In last year's PGA Championship Jason Day got home in the final round on #18 with a tremendous 2-iron second shot and then holed his eagle putt forcing eventual winner Jimmy Walker to par the final hole to win by one shot. Having two concluding par-5 holes can mean major lead changes and that has helped make for some exciting golf as last year's PGA Championship showed.
But the argument that the Lower is among the world's top 100 courses is a puzzling one when no less than half the course provides nothing more than adequate architecture. Far from the high bar that's called upon to be rightly placed among such elite company. Particularly when other courses have even greater merit -- but less or no television exposure -- are omitted. Having key championships held at Baltusrol over the years has been a springboard for the club's elevation. Ironically, many of the members of the club actually view the companion Upper Course as the better of the two and from my experiences I concur.
Recognizing Baltusrol's long contributions to American golf is clearly something that should never be dismissed. However, history is one thing -- architecture quite another. Regrettably, too many people have long believed the former is automatically linked to the latter. That's clearly not the case in this particular situation.
By M. James Ward
Baltusrol is not a course with many memorable holes. It has no ocean, lake or mountain range to frame it. Rees Jones said it perfectly: “You may not remember a lot of the holes, but you remember they are interesting and challenging to play.” Even Lee Janzen said, “It’s strange, but I went back after winning the U.S. Open there, and I didn’t remember all of the holes.”…
After we hit a few balls, Bob and I and our caddie were off. The caddie’s dad had been a career caddie at Baltusrol, and he had been there eight or nine years himself, so he knew the place like the back of his hand. I needed it, too. The breaks of the greens are clearly affected by Baltusrol Mountain, and the greens are very tricky with extremely subtle, hard-to-read breaks. As helpful as my caddie was, I had a poor score, but it was a fun day overall. Larry Berle.
It was somewhat of a relief to hear from the starter that I was playing the Lower. It is the championship course and includes some phenomenal holes. Of note the par 3 fourth and the par 5 seventeenth. The fourth requires a long iron to hit the green 190 yards away, every inch over water. Once on the green the battle is only half won, it is a huge and severely sloped green complex. The seventeenth is the longest par 5 in US Open Championship history measuring a whopping 650 yards from the tips (according to my caddy a mere 3 wood, 1 iron for John Daly!). Unusually the course finishes with back-to-back par 5s and they are the only par 5s on the course for the pros. Thankfully, for mere mortals the first and sixth holes are also played as short par 5s.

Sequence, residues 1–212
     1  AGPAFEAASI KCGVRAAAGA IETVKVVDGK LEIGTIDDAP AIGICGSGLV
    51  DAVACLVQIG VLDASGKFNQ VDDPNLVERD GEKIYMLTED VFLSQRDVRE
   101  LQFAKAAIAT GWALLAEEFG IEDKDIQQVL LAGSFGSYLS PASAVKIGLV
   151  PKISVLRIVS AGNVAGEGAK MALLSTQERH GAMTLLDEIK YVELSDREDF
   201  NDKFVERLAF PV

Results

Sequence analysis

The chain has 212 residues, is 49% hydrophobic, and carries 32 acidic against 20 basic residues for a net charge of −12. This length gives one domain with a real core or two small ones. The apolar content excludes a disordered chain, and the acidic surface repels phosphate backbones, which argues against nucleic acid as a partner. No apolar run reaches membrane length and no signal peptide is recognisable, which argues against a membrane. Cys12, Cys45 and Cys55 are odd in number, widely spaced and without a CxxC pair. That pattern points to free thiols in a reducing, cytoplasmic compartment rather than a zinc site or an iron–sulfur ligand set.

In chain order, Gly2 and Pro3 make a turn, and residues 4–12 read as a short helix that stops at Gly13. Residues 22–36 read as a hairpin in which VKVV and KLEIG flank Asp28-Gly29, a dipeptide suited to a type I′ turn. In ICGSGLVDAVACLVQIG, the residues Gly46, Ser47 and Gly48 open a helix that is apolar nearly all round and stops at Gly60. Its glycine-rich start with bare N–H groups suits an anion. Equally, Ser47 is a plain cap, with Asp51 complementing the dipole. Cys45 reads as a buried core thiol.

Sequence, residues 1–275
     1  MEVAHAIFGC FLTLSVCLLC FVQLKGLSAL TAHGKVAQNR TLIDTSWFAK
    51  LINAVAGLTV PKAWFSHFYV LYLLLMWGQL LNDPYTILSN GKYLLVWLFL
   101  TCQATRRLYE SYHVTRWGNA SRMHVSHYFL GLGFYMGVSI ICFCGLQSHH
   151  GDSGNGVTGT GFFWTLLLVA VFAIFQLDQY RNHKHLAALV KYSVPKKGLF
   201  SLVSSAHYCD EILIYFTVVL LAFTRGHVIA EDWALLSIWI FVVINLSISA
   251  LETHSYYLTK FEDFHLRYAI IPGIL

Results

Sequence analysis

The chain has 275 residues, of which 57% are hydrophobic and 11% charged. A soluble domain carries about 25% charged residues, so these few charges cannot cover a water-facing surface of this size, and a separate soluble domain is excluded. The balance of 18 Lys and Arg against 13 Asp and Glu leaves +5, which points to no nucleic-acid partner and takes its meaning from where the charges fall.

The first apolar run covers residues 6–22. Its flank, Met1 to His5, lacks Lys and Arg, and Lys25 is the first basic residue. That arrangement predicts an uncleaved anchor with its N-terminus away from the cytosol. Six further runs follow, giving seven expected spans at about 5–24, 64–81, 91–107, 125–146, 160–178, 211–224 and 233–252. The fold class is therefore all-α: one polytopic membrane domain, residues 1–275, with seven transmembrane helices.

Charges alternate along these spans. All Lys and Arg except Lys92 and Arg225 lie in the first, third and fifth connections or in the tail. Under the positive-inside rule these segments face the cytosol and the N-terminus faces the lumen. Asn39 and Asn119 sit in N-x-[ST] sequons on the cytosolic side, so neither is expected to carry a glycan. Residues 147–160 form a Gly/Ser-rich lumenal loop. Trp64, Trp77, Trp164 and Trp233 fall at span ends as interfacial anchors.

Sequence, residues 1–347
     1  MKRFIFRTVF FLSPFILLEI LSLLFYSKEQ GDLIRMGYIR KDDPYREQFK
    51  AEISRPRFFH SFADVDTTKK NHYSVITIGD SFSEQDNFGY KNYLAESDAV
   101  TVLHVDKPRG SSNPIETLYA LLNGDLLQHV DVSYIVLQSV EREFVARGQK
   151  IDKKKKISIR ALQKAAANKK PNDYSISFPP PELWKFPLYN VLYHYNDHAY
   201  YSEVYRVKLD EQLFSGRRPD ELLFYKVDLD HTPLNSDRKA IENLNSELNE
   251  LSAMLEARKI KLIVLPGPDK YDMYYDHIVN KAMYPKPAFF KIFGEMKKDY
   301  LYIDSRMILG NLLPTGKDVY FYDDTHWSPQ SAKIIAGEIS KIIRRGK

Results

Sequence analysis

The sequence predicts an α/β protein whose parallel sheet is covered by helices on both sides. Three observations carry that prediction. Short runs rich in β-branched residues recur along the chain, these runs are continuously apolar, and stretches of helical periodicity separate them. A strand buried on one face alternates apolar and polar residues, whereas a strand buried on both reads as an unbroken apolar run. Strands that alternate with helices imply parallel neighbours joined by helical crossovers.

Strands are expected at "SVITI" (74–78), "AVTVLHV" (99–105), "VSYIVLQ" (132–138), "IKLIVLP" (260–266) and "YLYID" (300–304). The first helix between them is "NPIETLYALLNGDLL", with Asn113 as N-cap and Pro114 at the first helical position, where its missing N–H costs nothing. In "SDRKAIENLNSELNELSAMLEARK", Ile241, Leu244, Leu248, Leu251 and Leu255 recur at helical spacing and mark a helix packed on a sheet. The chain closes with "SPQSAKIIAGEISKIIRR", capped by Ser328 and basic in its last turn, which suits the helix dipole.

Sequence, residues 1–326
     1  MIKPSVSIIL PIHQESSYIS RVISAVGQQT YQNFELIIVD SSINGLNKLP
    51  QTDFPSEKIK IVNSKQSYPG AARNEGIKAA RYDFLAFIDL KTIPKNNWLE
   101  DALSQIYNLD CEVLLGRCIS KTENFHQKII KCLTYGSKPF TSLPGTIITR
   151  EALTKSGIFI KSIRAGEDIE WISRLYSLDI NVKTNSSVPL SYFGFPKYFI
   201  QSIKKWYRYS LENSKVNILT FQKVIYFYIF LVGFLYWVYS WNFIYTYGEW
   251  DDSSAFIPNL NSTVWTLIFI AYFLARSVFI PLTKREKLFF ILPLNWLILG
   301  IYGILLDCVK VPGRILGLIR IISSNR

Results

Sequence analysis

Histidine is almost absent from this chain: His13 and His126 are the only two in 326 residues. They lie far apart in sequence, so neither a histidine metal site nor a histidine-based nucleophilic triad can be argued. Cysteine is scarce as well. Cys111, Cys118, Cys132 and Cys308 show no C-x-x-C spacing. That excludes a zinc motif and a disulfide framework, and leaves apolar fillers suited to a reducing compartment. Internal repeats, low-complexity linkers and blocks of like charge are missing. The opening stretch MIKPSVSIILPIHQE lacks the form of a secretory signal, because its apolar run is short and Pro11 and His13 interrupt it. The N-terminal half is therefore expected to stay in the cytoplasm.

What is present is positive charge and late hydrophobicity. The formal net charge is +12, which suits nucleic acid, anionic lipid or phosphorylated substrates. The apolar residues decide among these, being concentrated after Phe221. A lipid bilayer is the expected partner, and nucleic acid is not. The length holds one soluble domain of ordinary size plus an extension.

Regardless of the hype, I found the course quite bland. It is certainly challenging and is fully deserves its place on the roster for major championships. However, there are only a few holes I can recall in detail, only 2 days later, and for me at least that is a mark of monotony. The only holes that stand out in my mind are more memorable because I played particularly good shots on them. Of note, the sixteenth is a fabulous par 3: 230 yards from the tips, it requires some muscle to tame it! Anyway, the bottom line is that although it is a very good golf course I am somewhat surprised that the Lower holds such a high rank in top 100 golf lists. It seems to not live up to expectations.
The Upper however is a different matter altogether. Considered by many to be the second course at the club, I absolutely loved it. The ground it runs over is fantastic and unlike the Lower it requires more finesse than brute force. The first six holes are carved into the side of a hill which has a significant effect on every shot, especially the greens. Unfortunately, I only played the first and last six holes since the fading light was against us. I hope I get the chance to head back one day to play the full eighteen.